Hockey Analysis – The Unmeasurables

By JD Lagrange – Statistics will tell you if a player is a goals’ scorer, a play maker, an enforcer, a power play specialist, a faceoffs guru, an offensive or defensive player, amongst other things. With the newly found popularity of advanced stats in hockey, the methods of analyzing hockey games and its players are getting more and more complex, cumbersome and hyperbolic, and that’s not necessarily good for the game.

Hockey is a team game. You can have the best defensive player on the ice but if the other four players are lacking defensively, or if you have a horrible goalie in net, that player will have poor statistics. It doesn’t make him a defensively bad player but if someone relies on stats and supports their arguments with stats, they’ll argue hard as rock that he is.

There are many other major factors in the game of hockey that cannot be measured with statistics with some easier to understand or appreciate than others. In some cases, it helps to have the living experience behind you in order to appreciate the effectiveness of some of those factors. One can claim all they want knowing what it feels like to battle cancer but those who actually have or are battling that fight have a much better sense and idea of what it’s like.

Let’s explore some of the things that cannot be measured with statistics in hockey, and how it affects the game:


I have, in many occasions, locked into debates with people not believing in the effectiveness of an enforcer or having a team filled with players who can hit and drop the gloves at any time. Because one cannot prove something that’s not happening and because it cannot be measured by statistics, many people downplay this important aspect of the game. It does however have a huge impact on the way a team plays. This is a perfect example as a factor where having played in such situations gives a better understanding of its impact. Not all players but some of them get intimidated by physical play in the corners, some don’t like going in front of the net, getting hit, and they will get rid of the puck quicker than they normally would against teams that don’t hit has much. Some cheap shot artists are a lot more visible against smaller teams without enforcers or guys who will drop the gloves. How do you measure that? Not by stats, but by watching their demeanour on the ice.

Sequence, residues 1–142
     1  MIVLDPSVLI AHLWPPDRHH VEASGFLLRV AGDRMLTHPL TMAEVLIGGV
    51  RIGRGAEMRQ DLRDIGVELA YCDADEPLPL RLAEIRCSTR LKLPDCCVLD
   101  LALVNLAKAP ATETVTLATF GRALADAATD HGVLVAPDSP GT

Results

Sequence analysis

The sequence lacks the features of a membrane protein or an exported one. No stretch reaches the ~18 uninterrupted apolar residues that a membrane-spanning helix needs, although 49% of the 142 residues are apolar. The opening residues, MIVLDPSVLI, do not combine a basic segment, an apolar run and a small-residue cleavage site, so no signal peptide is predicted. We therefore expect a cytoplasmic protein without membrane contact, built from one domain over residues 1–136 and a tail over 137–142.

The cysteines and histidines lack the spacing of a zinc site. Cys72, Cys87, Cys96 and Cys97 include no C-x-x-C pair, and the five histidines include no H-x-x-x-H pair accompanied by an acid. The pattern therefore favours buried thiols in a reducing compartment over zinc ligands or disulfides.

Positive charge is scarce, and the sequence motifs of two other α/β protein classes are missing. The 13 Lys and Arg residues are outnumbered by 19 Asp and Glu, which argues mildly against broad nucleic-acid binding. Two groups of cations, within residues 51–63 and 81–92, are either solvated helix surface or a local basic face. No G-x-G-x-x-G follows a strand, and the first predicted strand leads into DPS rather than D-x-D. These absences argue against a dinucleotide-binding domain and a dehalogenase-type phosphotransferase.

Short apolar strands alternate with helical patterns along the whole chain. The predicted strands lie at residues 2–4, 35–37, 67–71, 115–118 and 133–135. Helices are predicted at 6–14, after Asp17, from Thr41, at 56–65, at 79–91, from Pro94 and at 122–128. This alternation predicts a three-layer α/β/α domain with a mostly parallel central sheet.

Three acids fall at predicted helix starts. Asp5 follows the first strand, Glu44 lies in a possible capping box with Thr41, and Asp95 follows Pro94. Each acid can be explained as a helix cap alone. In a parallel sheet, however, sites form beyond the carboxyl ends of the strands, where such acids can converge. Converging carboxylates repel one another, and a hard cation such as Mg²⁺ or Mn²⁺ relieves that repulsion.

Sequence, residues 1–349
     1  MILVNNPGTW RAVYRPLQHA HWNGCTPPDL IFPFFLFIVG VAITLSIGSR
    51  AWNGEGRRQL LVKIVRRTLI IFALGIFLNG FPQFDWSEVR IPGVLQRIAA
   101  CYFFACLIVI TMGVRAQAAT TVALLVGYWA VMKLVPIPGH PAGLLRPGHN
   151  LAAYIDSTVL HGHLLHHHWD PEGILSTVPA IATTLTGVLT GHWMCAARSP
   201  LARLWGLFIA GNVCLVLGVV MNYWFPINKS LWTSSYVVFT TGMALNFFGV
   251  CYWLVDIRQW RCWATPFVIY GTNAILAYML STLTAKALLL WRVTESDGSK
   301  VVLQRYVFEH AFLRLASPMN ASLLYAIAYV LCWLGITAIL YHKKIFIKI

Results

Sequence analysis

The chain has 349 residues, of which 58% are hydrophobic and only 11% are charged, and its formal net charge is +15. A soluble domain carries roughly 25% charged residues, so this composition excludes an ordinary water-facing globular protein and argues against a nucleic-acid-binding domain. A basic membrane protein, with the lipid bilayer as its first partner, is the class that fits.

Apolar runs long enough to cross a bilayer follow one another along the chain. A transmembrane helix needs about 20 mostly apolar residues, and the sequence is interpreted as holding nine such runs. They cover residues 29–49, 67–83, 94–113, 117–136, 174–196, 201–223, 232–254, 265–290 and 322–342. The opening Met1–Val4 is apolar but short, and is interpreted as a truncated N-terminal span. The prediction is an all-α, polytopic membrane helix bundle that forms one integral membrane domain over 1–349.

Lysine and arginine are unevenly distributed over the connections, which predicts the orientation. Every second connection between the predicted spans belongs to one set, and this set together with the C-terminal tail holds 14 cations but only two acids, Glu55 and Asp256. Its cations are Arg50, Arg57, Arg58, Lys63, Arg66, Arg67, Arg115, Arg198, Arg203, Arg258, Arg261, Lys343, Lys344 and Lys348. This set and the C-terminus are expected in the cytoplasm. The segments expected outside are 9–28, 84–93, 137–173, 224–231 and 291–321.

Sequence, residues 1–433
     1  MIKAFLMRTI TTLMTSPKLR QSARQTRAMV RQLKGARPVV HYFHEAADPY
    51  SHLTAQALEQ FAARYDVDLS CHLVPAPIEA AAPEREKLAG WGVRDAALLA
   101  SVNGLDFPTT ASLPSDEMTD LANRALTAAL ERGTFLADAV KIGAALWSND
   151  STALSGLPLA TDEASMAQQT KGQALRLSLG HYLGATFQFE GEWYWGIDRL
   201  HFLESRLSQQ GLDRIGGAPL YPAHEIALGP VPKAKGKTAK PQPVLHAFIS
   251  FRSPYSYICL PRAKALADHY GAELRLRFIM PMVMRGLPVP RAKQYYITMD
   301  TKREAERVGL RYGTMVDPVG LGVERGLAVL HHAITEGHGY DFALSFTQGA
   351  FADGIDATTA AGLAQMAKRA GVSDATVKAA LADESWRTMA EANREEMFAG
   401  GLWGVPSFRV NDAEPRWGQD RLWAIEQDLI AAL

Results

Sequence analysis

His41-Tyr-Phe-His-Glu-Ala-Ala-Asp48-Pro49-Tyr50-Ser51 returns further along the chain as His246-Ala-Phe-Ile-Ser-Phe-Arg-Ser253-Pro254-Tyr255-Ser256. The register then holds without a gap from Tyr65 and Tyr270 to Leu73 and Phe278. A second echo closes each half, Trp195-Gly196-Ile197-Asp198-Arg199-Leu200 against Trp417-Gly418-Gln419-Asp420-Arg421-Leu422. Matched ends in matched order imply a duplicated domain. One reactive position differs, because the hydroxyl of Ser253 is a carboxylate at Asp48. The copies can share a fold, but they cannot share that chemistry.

For example, the reason why the Canadiens eliminated the Maple Leafs in the playoffs in 2021 is because of their intimating style of play. A relentless forecheck ending in hard bodychecks, and five defensemen who would hit everyone who would try to get into the Canadiens’ zone. The Leafs’ top players didn’t like physical contact and in a 7-games series, they were “tenderized” and not as effective.

Grit and character

How does one measure grit? I guess looking at the number of hits, fights or blocked shots, someone may attempt to qualify a player as being gritty. But it goes so much further than that! A player’s willingness to sacrifice his body in order to make a play, that’s being gritty. A player, in spite of a size disadvantage, goes into traffic and battles, or gives that player a solid body check, that’s gritty. Battling and digging the puck in the corner, bouncing back from a solid hit, determination, those are all part of the grit of a player, of his character. Some people were laughing at Canadiens’ former GM Marc Bergevin when he said that character was one of the primary qualities he looked for in a player. Yet, every team, every GM is now talking about players’ character. Why? Likely because it can’t be measured by stats. Yet, when talent is equal, grit and character is what differentiates winners and losers.

Pain tolerance

Shea Weber

Another underrated point that cannot be measured statistically is the ability of a player to play injured, and be effective. Some players have a very low pain tolerance and will not play (or play as hard) unless they feel at 100%. Others will have to be forced not to play by the coach or the organization. Shea Weber, Carey Price and Paul Byron played with so much pain in the 2021 playoffs that their career is likely over. The first two were the team’s best players, even injured. It may affect their statistics a bit while playing injured, and statistical analysts will see that stretch as them being in a slump. Teammates and coaches will see it as a someone having a high pain tolerance wanting to help his team regardless… and that why players all gathered around Weber after the team’s elimination in the Stanley Cup finals. They knew what he was going through.

Defensive responsibility